Two of My Favorite Blend Modes Explained!

The most common questions I receive about Photoshop always deal with Blend Modes.  They are extremely helpful, but I gotta be honest, when I first started using them I just cycled through them till I found something that looked good.  While that is a fine approach, my workflow was hardly predictable, and I’d spend more time looking at blend modes than editing my images.  Years ago I found Adobes Help site that gave me a list of all the blend modes, what they did, and how to use them.  I suggest you look at them too!

Today’s tutorial is not about all of the blend modes, but two very distinct ones, Color and Luminosity.  While they both do opposites to your image, they are related in many ways.  Let’s take a Curves Adjustment for example.  Modify a curve set to RGB, with a blend mode of Normal, and your result will be a tweak to the Tone and Color of all the underlying data.  However, if you switch that blend mode to Color, it will strip the tonal data from it and if you decide to go with Luminosity, it will remove the Color data.

With these blend modes, you can protect the tones or colors in your image and have more predictable results every time you use them.  Here is what Adobe says about the Color and Luminosity Blend Modes:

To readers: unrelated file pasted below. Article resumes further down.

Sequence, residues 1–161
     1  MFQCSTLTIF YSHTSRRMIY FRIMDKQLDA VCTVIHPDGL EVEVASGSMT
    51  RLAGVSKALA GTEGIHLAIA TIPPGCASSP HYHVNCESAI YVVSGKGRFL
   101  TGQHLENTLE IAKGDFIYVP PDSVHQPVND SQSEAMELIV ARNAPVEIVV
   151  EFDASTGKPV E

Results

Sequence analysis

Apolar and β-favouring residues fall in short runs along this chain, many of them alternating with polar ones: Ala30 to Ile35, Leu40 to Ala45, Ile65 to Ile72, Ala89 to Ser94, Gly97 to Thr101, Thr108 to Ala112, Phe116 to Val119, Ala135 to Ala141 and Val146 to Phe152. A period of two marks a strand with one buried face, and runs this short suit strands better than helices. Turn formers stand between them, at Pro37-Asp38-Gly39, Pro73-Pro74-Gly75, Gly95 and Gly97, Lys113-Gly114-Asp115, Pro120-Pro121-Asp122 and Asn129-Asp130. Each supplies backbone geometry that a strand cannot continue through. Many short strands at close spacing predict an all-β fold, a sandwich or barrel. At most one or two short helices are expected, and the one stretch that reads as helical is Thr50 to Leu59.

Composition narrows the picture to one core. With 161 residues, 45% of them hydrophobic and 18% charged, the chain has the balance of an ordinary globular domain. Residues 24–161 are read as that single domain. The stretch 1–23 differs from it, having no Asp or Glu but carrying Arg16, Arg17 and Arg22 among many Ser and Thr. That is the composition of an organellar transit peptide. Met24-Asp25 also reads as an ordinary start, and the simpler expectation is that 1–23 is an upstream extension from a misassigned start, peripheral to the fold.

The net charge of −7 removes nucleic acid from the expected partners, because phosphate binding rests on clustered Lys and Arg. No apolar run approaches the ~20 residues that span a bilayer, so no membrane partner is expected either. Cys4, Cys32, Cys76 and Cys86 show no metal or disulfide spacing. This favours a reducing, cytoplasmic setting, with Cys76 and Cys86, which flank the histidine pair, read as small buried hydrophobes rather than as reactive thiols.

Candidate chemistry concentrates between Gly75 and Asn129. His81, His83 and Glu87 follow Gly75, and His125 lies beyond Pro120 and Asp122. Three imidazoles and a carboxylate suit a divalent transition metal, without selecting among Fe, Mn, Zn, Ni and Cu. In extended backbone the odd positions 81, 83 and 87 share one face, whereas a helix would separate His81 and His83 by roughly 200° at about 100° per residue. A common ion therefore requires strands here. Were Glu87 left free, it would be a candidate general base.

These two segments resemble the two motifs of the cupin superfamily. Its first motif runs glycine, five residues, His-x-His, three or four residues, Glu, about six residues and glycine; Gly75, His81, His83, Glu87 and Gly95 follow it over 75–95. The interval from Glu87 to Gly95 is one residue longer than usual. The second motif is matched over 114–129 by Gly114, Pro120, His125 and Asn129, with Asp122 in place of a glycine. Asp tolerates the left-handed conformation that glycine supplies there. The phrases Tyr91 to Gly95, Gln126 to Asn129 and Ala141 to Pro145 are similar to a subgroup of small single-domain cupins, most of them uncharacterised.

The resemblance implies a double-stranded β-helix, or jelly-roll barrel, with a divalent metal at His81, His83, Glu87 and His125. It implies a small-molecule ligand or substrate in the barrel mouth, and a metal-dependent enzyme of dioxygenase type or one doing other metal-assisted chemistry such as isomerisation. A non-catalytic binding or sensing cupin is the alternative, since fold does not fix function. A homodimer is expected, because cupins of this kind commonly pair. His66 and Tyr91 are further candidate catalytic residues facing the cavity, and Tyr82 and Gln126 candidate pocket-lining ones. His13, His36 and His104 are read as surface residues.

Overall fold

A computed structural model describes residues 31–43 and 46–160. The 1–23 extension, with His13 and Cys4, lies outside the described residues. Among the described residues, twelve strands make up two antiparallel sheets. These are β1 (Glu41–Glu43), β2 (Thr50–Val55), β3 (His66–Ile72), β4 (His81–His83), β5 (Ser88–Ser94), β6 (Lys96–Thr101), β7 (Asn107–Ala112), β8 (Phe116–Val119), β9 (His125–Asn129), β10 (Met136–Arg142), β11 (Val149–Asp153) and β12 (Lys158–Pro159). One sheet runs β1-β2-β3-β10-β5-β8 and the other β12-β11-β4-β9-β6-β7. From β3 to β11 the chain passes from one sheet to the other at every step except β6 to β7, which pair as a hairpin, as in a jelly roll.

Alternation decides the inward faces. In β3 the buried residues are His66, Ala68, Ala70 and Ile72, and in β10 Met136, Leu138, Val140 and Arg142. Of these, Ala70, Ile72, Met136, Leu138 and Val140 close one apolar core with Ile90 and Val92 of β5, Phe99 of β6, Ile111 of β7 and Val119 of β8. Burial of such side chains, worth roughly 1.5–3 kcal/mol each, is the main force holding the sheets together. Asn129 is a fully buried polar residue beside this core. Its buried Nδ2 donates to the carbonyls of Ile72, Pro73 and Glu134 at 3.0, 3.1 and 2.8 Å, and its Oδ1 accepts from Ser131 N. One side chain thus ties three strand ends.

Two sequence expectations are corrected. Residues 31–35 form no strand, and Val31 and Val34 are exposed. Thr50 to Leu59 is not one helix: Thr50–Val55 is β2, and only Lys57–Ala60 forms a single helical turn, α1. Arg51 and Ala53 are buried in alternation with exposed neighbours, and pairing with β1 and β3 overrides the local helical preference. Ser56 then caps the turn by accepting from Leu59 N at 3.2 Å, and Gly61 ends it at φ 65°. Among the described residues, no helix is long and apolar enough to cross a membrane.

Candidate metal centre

By description, they are the exact opposite, but these descriptions don’t do us a favor regarding understanding them either.  In layman’s terms:

  1. The Color Blend Mode will apply the selected layers colors to the underlying layers but allow the tones of those layers to show through.
  2. The Luminosity Blend Mode will use the selected layers tones to the underlying layers without altering the underlying layers colors.

With me?  If not, no worries.  In today’s free tutorial I will show you how I use these two blend modes with Gradient Maps and Curves adjustment layers.  By the time you are done watching it, you will have it down pat, or your money back 🙂

Blake Rudis

f.64 Academy and f.64 Elite are the brainchildren of Blake Rudis. While he is a landscape photographer he is most passionate about post-processing images in Photoshop and mentoring others.


For Blake, it is less about the art and more about the process. He dives deep into difficult topics and makes them easy to understand through his outside the box thinking.


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